Hey there educators...
I've been teaching basic EKG at our hospital 6 times a year for the last 2 years. I was lucky enough to inherit the class from my predecessor so the PPTs, quizzes, and final were up and running and I just needed to tweak accordingly to my teaching style. We use the Huff EKG workbook.
So far I have added youtube videos, skillstat.com, group work, students presenting slides up on screen, and a game (an EKG version of Pictionary). I get mostly good reviews, but at the end of every course, I get 2 or 3 "averages" on my class evaluations, with no suggestions for how to improve it in the comments section.
Am I missing something? Does anyone have an interesting take on how to teach this topic that some find dry? I'm thinking of bringing the crash cart that we use in ACLS class to practice cases, many are new hires or new grads and are fresh out of ACLS or about to start ACLS after EKG class.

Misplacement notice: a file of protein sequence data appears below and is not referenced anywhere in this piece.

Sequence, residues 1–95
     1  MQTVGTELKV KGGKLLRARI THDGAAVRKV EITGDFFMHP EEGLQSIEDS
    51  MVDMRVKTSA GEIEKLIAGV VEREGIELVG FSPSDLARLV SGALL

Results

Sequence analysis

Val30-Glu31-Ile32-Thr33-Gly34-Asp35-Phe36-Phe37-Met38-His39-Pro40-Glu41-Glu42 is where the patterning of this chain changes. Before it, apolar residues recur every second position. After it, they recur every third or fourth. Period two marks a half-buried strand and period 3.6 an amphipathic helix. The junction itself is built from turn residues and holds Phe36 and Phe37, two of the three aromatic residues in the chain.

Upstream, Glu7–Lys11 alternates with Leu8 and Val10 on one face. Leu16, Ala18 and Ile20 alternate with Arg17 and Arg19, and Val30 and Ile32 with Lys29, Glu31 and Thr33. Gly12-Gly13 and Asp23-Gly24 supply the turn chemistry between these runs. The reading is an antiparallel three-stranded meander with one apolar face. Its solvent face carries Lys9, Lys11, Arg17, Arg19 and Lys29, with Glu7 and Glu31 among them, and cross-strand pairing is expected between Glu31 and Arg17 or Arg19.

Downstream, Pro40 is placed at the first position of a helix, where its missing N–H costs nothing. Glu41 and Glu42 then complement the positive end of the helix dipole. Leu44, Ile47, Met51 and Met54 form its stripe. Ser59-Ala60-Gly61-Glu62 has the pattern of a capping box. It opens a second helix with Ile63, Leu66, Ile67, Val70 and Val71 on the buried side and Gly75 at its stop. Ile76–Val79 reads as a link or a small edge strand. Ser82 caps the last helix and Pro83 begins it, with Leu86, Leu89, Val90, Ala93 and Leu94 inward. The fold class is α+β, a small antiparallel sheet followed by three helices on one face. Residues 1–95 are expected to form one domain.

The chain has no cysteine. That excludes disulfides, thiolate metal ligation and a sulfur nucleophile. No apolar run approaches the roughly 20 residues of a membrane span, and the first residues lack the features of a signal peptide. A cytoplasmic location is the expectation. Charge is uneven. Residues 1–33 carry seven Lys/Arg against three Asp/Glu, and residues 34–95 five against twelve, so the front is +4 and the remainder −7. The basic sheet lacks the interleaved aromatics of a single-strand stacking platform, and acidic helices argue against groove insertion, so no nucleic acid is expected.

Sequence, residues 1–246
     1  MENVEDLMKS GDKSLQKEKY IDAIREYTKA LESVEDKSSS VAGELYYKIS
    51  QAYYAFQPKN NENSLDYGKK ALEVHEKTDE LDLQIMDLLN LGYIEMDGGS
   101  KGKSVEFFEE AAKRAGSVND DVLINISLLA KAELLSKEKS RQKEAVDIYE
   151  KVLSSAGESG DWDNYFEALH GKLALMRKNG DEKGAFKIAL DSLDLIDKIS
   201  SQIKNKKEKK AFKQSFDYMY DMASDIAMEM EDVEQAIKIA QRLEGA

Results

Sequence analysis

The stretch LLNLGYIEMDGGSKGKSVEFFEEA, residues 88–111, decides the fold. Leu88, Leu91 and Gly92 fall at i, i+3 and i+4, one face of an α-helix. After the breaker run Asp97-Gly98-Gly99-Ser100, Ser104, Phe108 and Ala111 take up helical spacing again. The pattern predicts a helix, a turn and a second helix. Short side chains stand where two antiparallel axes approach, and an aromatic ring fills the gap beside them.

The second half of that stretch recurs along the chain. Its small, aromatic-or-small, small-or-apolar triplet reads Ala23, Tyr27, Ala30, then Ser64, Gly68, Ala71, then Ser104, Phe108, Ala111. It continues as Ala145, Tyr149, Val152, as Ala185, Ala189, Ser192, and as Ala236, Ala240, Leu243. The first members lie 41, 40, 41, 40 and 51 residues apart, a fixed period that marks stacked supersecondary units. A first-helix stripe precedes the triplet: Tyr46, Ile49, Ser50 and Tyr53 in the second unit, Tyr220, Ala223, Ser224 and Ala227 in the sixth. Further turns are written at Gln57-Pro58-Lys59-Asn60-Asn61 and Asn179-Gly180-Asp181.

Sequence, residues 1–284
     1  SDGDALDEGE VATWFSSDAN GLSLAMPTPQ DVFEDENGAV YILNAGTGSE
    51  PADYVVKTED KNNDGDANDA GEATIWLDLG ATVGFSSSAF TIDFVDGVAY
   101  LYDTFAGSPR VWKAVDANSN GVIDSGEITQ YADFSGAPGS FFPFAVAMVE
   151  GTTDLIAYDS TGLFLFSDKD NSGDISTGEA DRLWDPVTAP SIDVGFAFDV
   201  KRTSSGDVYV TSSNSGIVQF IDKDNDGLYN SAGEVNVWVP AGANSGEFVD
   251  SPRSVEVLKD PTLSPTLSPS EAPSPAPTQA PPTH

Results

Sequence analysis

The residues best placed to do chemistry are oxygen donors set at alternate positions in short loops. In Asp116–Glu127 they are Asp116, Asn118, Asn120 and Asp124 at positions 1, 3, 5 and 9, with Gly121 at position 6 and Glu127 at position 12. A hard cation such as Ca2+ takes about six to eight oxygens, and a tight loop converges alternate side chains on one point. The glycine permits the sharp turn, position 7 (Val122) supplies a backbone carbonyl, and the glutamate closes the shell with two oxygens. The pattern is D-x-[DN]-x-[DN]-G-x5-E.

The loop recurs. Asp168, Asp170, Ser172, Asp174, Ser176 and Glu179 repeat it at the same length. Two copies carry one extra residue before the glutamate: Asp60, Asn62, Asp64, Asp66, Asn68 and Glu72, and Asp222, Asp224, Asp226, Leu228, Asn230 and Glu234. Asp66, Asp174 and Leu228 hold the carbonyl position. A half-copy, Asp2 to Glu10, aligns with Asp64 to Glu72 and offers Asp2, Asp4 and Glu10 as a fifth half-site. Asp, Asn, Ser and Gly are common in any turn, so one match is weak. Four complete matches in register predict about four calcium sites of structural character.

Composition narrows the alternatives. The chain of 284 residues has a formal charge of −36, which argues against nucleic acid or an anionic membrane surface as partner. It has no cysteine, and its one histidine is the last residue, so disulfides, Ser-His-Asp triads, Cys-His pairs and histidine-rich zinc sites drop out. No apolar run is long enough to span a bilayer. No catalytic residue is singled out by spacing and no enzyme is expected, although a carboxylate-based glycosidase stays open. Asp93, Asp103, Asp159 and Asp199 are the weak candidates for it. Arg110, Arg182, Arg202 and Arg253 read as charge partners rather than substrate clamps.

Thank you for any tips you have.
Sep 19, '16
Relax. You are NEVER going to please everyone. There are always participants who really don't want to be there.... especially if it's a mandatory course to keep their job. Sounds like you are doing a wonderful job. Don't obsess on the stragglers.
In my organization, traditional arrhythmia classes are no longer available. Everything is self-directed & online. Individuals are expected to identify their own need & self-enroll but they are paid for time spent if arrhythmia interpretation is part of their normal job duties. Basic EKG has been included in RN nursing curriculum for quite a while now, so it is not categorized as a competency enhancement program.
Sep 20, '16
A lot of it is going to depend on your audience and your personality. I use different methods for each group I teach and change gears as soon as I get a read on the students in the room.
EKGs are for the most part boring but sometimes a little "Nancy Caroline" can be useful. Her way of explaining EKG to Paramedic students has become well known. You can easily change it around to adapt to football or just about any scenario to spice up an audience for a learning laugh if you have the personality to pull it off.
Nancy Caroline's Emergency Care in the Streets - American Academy of Orthopaedic Surgeons (AAOS), Nancy L. Caroline, Bob Elling, Mike Smith - Google Books